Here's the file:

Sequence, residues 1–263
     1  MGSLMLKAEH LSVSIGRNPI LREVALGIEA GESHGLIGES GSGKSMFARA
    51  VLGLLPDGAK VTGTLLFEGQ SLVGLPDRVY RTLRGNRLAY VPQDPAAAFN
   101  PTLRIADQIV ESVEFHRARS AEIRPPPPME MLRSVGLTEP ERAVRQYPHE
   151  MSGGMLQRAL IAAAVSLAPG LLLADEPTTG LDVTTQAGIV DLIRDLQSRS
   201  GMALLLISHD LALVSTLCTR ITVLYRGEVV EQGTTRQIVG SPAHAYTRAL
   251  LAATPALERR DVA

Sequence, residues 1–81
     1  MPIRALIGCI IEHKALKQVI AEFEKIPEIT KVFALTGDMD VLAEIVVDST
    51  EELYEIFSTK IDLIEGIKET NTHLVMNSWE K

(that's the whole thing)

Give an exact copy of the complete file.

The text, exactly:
Sequence, residues 1–263
     1  MGSLMLKAEH LSVSIGRNPI LREVALGIEA GESHGLIGES GSGKSMFARA
    51  VLGLLPDGAK VTGTLLFEGQ SLVGLPDRVY RTLRGNRLAY VPQDPAAAFN
   101  PTLRIADQIV ESVEFHRARS AEIRPPPPME MLRSVGLTEP ERAVRQYPHE
   151  MSGGMLQRAL IAAAVSLAPG LLLADEPTTG LDVTTQAGIV DLIRDLQSRS
   201  GMALLLISHD LALVSTLCTR ITVLYRGEVV EQGTTRQIVG SPAHAYTRAL
   251  LAATPALERR DVA

Sequence, residues 1–81
     1  MPIRALIGCI IEHKALKQVI AEFEKIPEIT KVFALTGDMD VLAEIVVDST
    51  EELYEIFSTK IDLIEGIKET NTHLVMNSWE K